Second, I'm repeating myself here, but, "[T]here is nothing, not one thing, that is more intimately personal than self-identification." Which means that women are women because they say they're women, not because they were subjected to tests of any variety, and that each and every woman gets to decide for herself how woman manifests for, by, and through her. If she performs woman in heels, shirtwaist, and pearls like June Cleaver or if she performs woman in black leather chaps, engineer boots, and a compression shirt or if she performs woman in khakis, button down, and loafers or if she performs woman differently every day, it is all still real, valid performances of woman and it matters not what her chromosomal profile says or whether she has a dick in a drawer or between her legs or anywhere else.
posted by notashroom at 2:03 PM on December 1, 2009 [4 favorites]


phrontist, an argument based on gender essentialism would look more like: "Wo/men act like X and should be treated like Y because their biological differences demand that they occupy different social roles." Essentialism argues that there are masculine and feminine essences attached to male and female bodies that determine the roles men and women play in society, and therefore social/cultural values do not define those roles, but merely reflect the natural order. I suspect you get the sense of this, but it's not exactly what you outlined as the essentialist argument above.

Using women as an example, I think it's possible for a cis or trans woman to pattern her gender performance on a socially acceptable feminine ideal without believing that there's any biological reason justifying that performance. In fact, my experience has been that on average a trans woman is probably more likely to be doing this than a cis woman, since trans women experience the difference between sex and gender in a heightened fashion. And it's certainly not hard to identify what a society values as ideal femininity, for whatever culture or subculture an individual is part of. So I do see how it's possible for someone to choose to pattern her behavior after a particular gendered ideal because it makes society easier to negotiate, without being mired in essentialism herself.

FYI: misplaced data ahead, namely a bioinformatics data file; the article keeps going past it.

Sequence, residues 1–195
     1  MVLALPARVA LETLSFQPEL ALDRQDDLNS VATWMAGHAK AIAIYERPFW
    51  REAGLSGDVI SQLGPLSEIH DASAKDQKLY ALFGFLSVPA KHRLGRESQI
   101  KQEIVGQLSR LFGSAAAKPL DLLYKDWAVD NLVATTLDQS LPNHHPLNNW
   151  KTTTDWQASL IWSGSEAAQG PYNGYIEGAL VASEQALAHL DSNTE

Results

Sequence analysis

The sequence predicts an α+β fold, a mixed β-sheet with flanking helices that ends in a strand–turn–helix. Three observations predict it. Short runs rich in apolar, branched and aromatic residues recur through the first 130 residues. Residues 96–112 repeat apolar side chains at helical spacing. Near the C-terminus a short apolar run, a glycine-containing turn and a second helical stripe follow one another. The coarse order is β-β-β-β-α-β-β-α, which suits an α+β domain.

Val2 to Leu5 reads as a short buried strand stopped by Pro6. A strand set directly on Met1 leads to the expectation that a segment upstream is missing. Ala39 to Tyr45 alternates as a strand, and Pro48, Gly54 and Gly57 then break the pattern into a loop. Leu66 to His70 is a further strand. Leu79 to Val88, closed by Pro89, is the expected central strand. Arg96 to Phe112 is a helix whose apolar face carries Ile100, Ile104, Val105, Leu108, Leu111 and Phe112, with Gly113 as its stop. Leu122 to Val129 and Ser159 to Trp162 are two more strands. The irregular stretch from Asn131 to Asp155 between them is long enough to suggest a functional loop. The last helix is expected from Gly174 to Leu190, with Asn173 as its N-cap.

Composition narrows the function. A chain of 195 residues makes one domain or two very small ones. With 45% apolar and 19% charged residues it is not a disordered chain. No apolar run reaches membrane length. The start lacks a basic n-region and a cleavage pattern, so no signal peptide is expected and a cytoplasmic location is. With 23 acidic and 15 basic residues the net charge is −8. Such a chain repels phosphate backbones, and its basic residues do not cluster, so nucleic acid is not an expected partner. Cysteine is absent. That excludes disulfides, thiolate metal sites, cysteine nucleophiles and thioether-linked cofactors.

As for whether the choices of trans people undermine a feminist agenda by feeding into rigid social ideals of femininity or masculinity ... I think that, as a feminist, I have certain responsibilities to disrupt the value that society attributes to masculinity and femininity and how those constructs affect men and women. I think that challenging stereotypes around femininity and masculinity is important. But I do not think that the route to an equal society goes through The Valley of Your Gender Performance Is Undermining My Liberatory Agenda, because all too often, those conscious and unconscious choices an individual makes about their gender performance are a matter of survival, for cis and trans people alike. On an individual level, I believe it's more constructive to support people who are pushing gender boundaries in directions that I think are healthier for people (individually and communally), in the hope of creating models that others will follow, rather than demand that people perform or not perform gender in certain ways.